This is not me saying I won't be personable or won't be held account if I say something incorrect. It's just saying that I will no longer be an apologist for my own work. Take it or leave it. Seems obvious, right? But then, writers write from a position lacking self-esteem, and feel the constant need to justify themselves (he said, three pages into justifying his actions). It's a good inclination, because it leads to well-thought out work, but it's a bad inclination when it leads them to sacrificing their own lives to please turds.

    I just lost my grandmother and a brother I was very close to. I just went bankrupt for writing. I moved into an apartment from a house so I could continue my work. I do NOT need to kowtow to some turd who wants to give me crap for syntax. I put in my work, and you can like it, or you can leave it.



    There. I've said enough. I'll pick up the letter column next week, and let this digest.



    Reviewed by: Douglas Trumble

    Super-short run on sentence summary: Chloe get's a magic cupcake that turns her into a Lois look-a-like so she decides to live a day in her cousin's life, while Zatanna tricks the Green Arrow into finding her father's spell book and along the way manages to whammy Clark into forgetting the Kryptonian side of his life.

    You know. This was a pretty gosh darn good episode. Not the best of the super guest star episodes but that certainly doesn't make it a bad episode. Smallville has always done very well with their guest heroes and they do not disappoint with Zatanna.

    Now I am not a Zatanna expert by any means but this one seemed to fit the bill pretty good. Guest star Serinda Swan certainly has the look and I think played the part extremely well. It was nice to see Zatanna in a pre uber-powerful magician stage of her life. Her powers are not fully formed yet and we actually get to see the final steps she takes in obtaining access to her full powers which was rather nice. Other heroes on the show were already "powered up" so in some ways we get a Zatanna origin story here. She's got some power but not much and now after this story she has her father's book and notes which will give her the rest of her powers. One can assume the next time this Superman crosses her path she will be a full on super magician speaking backwards and turning bad guys into seinnub, or as other people would say; bunnies.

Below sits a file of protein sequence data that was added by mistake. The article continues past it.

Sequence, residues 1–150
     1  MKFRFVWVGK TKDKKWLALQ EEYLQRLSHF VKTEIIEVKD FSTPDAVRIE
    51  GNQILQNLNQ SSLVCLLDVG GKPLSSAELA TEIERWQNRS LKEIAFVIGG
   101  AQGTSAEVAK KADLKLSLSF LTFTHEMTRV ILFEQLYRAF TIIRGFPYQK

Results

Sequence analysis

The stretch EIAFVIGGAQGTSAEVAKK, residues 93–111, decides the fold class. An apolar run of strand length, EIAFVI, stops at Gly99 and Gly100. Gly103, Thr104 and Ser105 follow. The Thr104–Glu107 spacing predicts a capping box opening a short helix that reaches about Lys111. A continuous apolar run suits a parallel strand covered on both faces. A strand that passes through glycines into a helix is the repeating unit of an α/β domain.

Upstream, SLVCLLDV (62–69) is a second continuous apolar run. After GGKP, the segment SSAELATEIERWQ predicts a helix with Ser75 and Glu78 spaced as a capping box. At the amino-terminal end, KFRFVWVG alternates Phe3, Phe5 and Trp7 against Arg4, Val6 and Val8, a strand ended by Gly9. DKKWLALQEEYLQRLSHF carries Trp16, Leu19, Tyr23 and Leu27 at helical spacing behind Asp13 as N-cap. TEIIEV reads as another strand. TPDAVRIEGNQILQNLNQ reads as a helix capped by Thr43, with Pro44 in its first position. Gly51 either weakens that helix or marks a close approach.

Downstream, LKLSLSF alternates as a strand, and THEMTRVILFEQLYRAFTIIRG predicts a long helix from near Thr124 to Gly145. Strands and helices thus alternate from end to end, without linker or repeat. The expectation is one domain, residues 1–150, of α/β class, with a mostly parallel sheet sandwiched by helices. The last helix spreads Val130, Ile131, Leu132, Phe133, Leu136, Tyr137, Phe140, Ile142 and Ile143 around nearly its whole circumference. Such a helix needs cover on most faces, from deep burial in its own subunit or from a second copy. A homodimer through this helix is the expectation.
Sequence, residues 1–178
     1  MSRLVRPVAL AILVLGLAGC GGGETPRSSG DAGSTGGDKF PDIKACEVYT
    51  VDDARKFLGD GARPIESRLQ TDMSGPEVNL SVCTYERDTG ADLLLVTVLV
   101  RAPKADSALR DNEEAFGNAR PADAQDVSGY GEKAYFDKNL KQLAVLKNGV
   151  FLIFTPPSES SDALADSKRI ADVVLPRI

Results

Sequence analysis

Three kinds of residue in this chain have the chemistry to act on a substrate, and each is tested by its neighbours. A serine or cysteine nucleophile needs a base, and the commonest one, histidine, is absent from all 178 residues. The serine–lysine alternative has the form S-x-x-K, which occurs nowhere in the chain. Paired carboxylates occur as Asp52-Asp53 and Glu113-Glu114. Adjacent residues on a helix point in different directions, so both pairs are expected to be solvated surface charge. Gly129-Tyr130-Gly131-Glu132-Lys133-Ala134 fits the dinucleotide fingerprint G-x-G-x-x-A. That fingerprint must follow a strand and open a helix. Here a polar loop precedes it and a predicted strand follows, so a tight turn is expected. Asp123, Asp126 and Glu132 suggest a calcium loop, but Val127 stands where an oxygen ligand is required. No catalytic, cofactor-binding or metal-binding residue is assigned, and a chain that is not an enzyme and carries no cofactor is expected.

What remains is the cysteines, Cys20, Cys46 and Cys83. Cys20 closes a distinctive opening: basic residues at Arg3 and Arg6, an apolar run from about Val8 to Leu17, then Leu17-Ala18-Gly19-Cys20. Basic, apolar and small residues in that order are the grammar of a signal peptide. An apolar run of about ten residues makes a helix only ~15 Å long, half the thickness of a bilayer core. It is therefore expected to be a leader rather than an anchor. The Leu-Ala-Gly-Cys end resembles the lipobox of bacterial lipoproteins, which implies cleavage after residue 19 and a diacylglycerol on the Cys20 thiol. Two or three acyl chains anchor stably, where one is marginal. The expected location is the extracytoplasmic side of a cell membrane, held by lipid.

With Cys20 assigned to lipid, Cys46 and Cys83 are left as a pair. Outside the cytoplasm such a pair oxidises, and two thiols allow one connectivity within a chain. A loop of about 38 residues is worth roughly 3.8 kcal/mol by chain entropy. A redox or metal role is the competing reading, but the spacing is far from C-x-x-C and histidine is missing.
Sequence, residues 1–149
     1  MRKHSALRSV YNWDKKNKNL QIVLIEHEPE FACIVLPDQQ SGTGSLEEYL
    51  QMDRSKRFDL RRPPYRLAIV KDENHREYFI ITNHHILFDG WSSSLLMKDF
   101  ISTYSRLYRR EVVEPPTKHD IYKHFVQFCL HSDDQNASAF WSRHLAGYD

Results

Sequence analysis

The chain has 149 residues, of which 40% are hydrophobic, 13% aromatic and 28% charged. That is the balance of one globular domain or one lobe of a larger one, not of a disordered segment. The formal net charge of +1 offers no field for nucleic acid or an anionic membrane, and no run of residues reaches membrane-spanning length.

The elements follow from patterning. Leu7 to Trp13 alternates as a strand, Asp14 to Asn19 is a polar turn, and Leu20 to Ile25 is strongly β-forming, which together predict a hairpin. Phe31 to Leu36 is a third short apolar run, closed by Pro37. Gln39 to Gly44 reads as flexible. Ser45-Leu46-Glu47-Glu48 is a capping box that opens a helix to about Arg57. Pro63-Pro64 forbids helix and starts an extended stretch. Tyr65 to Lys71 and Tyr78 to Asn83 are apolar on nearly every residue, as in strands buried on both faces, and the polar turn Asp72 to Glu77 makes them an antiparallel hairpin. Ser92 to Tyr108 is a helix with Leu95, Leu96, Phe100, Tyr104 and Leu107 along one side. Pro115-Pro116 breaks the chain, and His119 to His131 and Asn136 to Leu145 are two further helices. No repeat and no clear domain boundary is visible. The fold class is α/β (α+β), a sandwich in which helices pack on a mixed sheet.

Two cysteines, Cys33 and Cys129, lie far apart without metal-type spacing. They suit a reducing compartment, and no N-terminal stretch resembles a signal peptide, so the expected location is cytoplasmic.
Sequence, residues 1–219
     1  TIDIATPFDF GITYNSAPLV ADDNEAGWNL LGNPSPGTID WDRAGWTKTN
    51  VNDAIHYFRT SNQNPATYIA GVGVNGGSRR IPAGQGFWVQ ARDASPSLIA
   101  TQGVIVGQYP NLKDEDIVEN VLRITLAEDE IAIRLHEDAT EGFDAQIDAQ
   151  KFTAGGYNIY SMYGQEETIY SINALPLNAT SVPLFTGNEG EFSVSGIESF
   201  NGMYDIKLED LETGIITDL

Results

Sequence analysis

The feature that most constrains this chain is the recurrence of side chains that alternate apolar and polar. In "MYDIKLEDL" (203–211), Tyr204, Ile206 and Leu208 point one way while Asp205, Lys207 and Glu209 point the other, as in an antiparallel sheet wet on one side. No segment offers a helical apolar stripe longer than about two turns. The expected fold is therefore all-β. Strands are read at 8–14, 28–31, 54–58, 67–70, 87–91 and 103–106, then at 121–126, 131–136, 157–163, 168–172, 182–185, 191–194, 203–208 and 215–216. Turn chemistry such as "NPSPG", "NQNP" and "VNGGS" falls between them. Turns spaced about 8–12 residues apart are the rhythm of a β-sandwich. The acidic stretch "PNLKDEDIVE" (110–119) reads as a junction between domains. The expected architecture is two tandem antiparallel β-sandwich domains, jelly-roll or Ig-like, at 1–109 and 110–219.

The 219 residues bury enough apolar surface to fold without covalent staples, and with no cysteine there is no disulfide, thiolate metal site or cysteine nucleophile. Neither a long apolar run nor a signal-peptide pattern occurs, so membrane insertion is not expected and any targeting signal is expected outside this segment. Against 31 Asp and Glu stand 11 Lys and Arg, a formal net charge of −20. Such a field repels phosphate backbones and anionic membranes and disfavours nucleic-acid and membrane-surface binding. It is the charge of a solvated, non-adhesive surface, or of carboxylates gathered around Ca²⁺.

But as much as the title and stunt casting was about Zatanna the episode was really all about Chloe. Really when you look at it deeper this could very well be a defining episode for Chloe Sullivan. That is rather funny when you consider how little Allison Mack was in it. Erica Durance played Chloe for 90% of the episode. I really do think Erica Durance did a fantastic job here. Not perfect exactly but there was no time during her time as Chloe that I felt we were not watching Chloe in Lois' body. There were a few times where I would call the performance neutral but then those were when Chloe was actually pretending to be Lois so neutral is likely a good thing during those times. It would have ruined it if she was too Lois like.

    This episode did a lot to redeem Chloe in my eyes. I admit after the last episode my opinion of her was at an all time low. Those issues are still present but they were acknowledged here and actually admitted as mistakes and wrong turns in the character's life. I would have been mad if they were ignored or treated in a different way but they were not. We see Chloe reacting to them realistically.

    I also think they did a really good job wrapping up the whole "Chloe wanted to be a reporter" story line. Speaking as someone who did do the whole dream job wasn't the dream I thought and had to move on to something else I can relate to that. Sometimes a person gets to where they are going and realizes that it just isn't what they thought. Sure Chloe had moved on to Isis but there was always the lingering idea that she gave up the reporting too soon and that Lois was living her dream. It makes sense that she would feel a little jealous about that. It makes sense she would have regrets. Yet in the end she realized that deep down that wasn't what she wanted anymore and we see her accept that and move on.

    Actually a rather realistic character arc when you think about it. Well okay. Realistic in a sense because we all know there are probably only a few people in the real world that went from reporter at the world's biggest newspaper to working for a billionaire's personal team of Superheroes.

    Maybe one or two anyway. (I know it is my backup plan in case my current career doesn't work out.)